In an effort to limit the holding in Wolfrich, the Legislature in 1988 enacted section 1714.10.  (Hung v. Wang (1992) 8 Cal.App.4th 908, 919-920, 11 Cal.Rptr.2d 113;  Westamco Investment Co. v. Lee (1999) 69 Cal.App.4th 481, 484, 81 Cal.Rptr.2d 634.)   Former section 1714.10 narrowed Wolfrich by protecting against frivolous conspiracy claims brought against attorneys and their clients.   The statute achieved this goal by requiring a prefiling judicial determination of a reasonable probability that the conspiracy claim  was meritorious.  “Both houses of the Legislature expressed concern over use of such claims as a tactical ploy, particularly in actions against insurance companies.”  (College Hospital Inc. v. Superior Court (1994) 8 Cal.4th 704, 718, 34 Cal.Rptr.2d 898, 882 P.2d 894.)

As originally enacted in 1988, section 1714.10, provided, in pertinent part, that “No cause of action against an attorney based upon a civil conspiracy with his or her client shall be included in a complaint or other pleading unless the court enters an order allowing the pleading that includes a claim for civil conspiracy to be filed after the court determines that the party seeking to file the pleading has established that there is a reasonable probability that the party will prevail in the action․” (Stats.1988, ch. 1052, § 1, pp. 3407-3408.)

In 1989, in Doctors' Co. v. Superior Court (1989) 49 Cal.3d 39, 260 Cal.Rptr. 183, 775 P.2d 508 (“Doctors' Co.”), the California Supreme Court considered the issue presented in Wolfrich.   In Doctors' Co., a third party claimant sued an insurer, the attorney retained by the insurer to assist in the defense of the insured against the third party claim, and the insurer's expert witness.   The third party claimant alleged a conspiracy to violate Insurance Code section 790.03, subdivision (h)(5).

In Doctors' Co., the California Supreme Court decided that the demurrers to the conspiracy cause of action should have been sustained.   According to the court, the duty to refrain from violating section 790.03, subdivision (h)(5) was imposed only upon those engaged in the business of insurance.  (Doctors' Co., supra, 49 Cal.3d at p. 44, 260 Cal.Rptr. 183, 775 P.2d 508.)   Because the complaint did not allege that the attorneys or expert were engaged in the insurance business, the attorney and expert defendants were not bound by section 790.03, subdivision (h)(5).   In reaching its decision, the court articulated the basic rule that a conspiracy cause of action cannot lie “if the alleged conspirator, though a participant in the agreement underlying the injury, was not personally bound by the duty violated by the wrongdoing and was acting only as the agent or employee of the party who did have that duty.”   (Id. at p. 44, 260 Cal.Rptr. 183, 775 P.2d 508.)  Doctors' Co. held that the attorney and expert defendants were not subject to the duty under the Insurance Code, and were acting merely as agents of the insurer, and “not as individuals for their individual advantage,” and therefore they could not be liable for conspiracy.  Doctors' Co. expressly overruled Wolfrich and held that Wolfrich was incorrectly decided.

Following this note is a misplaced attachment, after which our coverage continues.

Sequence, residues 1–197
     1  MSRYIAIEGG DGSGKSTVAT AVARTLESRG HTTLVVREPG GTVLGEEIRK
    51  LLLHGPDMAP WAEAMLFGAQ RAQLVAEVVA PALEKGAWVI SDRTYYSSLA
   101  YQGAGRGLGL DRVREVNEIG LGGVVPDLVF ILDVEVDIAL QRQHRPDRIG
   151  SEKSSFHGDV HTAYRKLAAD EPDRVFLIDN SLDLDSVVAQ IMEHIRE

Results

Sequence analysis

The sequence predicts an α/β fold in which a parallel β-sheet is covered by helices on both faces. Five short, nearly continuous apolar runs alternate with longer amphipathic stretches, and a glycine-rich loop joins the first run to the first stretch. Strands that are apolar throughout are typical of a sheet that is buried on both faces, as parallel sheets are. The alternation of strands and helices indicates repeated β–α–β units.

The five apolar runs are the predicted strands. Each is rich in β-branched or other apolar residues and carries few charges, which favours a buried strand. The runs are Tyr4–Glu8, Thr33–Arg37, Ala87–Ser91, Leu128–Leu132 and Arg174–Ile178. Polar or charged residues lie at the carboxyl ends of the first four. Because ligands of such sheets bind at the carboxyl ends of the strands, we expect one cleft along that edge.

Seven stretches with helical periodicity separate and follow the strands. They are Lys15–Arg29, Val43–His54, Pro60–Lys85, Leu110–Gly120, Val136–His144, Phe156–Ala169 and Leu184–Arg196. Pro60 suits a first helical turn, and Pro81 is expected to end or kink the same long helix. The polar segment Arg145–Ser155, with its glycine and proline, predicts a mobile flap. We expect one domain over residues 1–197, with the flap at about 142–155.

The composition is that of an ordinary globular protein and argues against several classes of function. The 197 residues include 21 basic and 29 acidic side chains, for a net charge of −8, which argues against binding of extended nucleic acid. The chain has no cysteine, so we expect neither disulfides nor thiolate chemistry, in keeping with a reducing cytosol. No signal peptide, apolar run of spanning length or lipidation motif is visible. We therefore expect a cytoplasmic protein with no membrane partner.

Doctors' Co. also explained that in some circumstances, attorneys could be liable for participating in tortious acts with their clients, and that the  liability could be based upon conspiracy. For example, when the attorney acts as an individual for his or her individual gain, conspiracy liability may be imposed.   As the court stated, “an attorney who conspires to cause a client to violate a statutory duty peculiar to the client may be acting not only in the performance of a professional duty to serve the client but also in furtherance of the attorney's own financial gain.”   (Doctors' Co., supra, 49 Cal.3d at p. 46, 260 Cal.Rptr. 183, 775 P.2d 508.)

Another situation in which attorneys could be liable for conspiring with their clients is when the attorney violates “the attorney's own duty to the plaintiff.”  (Doctors' Co., supra, 49 Cal.3d at p. 47, 260 Cal.Rptr. 183, 775 P.2d 508.)  Doctors' Co. cited Barney v. Aetna Casualty & Surety Co. (1986) 185 Cal.App.3d 966, 230 Cal.Rptr. 215 as an example.   In Barney, “the car driven by the plaintiff insured had collided with another car.   The insurer retained attorneys to defend the insured against a municipal court action by the driver of the other car, and the insured, through separate counsel, sued the other driver in superior court.   Without notice to the insured, the insurer-retained attorneys settled the other driver's claim and filed a dismissal with prejudice of the municipal court action;  the dismissal operated as a retraxit barring the insured's superior court action.   The insured's conspiracy cause of action against the insurer and the attorneys who had arranged the settlement was upheld since the settlement clearly violated the attorney's fiduciary duty to the insured plaintiff.”  (Doctors' Co., supra, 49 Cal.3d at p. 47, 260 Cal.Rptr. 183, 775 P.2d 508.)